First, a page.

Now imagine Danny Rand, on a flight with his mother and father: the plane crashes; he loses his parents. Danny wakes up in a strange land, and people immediately try to help him, because he looks like one of their own who has lost his parents. But when they discover he’s an outsider, an American, they turn their back on him.

Because he’s an outsider, he doesn’t belong. And that’s just the start of it. The internal conflict, the struggle to figure out where he fits in — coincidentally, the ENTIRE STRUGGLE OF MY OWN LIFE, and the lives of MILLIONS OF AMERICANS. Not just Chinese or even Asian: anyone whose family comes from outside the U.S. understands this balance and this struggle.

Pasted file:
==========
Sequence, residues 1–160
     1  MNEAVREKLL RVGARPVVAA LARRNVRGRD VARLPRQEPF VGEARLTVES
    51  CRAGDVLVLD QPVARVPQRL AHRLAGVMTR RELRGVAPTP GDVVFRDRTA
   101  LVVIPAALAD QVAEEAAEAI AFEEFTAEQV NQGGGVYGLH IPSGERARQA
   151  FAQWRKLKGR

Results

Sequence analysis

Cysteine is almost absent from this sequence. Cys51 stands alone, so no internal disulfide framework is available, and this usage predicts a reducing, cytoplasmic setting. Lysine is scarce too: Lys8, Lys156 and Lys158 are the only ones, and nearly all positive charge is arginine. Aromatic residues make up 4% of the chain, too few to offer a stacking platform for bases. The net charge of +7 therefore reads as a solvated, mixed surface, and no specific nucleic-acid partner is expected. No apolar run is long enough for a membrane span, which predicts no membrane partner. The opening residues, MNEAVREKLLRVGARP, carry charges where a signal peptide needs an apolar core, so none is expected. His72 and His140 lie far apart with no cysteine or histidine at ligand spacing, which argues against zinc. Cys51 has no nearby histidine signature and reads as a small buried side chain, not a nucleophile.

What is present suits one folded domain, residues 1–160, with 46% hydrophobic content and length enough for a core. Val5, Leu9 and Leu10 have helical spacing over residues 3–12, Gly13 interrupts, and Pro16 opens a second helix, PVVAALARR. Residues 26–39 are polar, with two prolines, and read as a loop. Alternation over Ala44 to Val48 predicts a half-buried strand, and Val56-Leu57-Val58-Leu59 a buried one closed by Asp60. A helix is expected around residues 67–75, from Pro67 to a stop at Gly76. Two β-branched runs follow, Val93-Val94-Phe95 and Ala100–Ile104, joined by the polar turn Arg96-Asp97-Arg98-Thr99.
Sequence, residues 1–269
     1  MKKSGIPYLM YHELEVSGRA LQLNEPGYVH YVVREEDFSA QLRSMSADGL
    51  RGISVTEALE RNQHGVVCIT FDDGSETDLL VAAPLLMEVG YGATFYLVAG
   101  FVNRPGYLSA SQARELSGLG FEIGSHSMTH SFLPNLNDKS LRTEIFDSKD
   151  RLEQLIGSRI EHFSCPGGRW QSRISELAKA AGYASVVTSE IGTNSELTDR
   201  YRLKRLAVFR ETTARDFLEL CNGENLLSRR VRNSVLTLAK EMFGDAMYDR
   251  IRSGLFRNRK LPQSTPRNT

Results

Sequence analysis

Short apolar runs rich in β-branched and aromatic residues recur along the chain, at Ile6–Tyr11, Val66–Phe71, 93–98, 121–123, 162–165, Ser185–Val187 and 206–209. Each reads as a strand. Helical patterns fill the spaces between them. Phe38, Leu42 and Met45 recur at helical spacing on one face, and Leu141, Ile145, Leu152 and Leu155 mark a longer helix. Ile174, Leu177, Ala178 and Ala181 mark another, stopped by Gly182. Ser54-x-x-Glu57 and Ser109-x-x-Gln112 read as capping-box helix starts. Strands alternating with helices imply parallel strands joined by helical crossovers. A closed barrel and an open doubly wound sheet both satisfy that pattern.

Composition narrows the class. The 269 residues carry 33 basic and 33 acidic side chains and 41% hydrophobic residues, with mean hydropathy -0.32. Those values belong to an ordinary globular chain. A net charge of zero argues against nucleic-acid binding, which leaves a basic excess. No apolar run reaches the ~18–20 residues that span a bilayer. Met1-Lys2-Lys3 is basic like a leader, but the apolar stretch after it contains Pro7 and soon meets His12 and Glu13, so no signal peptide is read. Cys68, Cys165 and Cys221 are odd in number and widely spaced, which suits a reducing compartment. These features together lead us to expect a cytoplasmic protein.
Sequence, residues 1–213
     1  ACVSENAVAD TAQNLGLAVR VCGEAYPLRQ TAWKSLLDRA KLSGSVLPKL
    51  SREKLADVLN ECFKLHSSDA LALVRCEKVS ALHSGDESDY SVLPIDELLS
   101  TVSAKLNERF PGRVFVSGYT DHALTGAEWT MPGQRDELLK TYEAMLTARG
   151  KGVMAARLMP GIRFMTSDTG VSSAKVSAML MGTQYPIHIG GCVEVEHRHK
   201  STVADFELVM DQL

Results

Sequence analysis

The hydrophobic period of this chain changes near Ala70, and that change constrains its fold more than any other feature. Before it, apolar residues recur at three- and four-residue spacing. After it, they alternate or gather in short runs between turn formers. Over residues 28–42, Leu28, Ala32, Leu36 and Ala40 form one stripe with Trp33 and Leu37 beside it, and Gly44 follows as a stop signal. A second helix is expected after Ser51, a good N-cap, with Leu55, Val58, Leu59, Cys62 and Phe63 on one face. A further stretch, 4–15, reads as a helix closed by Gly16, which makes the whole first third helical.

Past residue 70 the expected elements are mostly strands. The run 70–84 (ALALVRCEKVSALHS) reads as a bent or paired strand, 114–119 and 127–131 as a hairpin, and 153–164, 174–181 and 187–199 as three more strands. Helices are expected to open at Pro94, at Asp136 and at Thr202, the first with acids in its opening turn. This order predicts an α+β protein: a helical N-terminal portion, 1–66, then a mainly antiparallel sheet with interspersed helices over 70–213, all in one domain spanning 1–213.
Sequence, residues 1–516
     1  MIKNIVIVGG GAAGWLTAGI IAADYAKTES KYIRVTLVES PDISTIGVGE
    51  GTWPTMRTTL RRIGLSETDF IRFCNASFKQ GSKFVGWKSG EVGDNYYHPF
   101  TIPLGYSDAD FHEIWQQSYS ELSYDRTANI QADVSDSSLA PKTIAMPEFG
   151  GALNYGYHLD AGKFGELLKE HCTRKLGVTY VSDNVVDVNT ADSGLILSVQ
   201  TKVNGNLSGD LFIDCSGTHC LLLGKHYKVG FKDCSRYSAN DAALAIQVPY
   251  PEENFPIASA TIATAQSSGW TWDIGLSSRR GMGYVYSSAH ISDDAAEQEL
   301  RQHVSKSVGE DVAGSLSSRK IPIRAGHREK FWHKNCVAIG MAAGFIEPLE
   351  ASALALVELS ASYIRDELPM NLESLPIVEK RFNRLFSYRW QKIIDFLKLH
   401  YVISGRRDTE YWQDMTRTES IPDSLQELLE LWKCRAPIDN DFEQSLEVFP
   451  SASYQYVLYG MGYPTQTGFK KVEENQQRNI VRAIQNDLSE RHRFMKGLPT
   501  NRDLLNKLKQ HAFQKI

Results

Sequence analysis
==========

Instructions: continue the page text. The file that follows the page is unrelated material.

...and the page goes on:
That is a much more nuanced and more interesting take than “rich billionaire goes to Asia, learns kung fu, and fights crime.” We don’t need more than one of those, and the guy below has got that down on lock:

Also this guy. And this guy. And this guy. This guy, too (though he just went to Asia and built a suit of armor).

Ultimately, the producers went with Finn Jones, who has not acquitted himself well. At all.

And then there’s garbage like this:

Uh no, because positive black representations in media are needed too. We NEED a character like Luke Cage to be black, but does Danny Rand NEED to be white?

Where hardcore fanboys insist that the television show be completely faithful to the original material it’s adapted from.

To which I say:

“SUPERMAN SHOULD ONLY LOOK LIKE THIS AND NOTHING ELSE EVER.” What every Iron Fist purist who comes at me sounds like.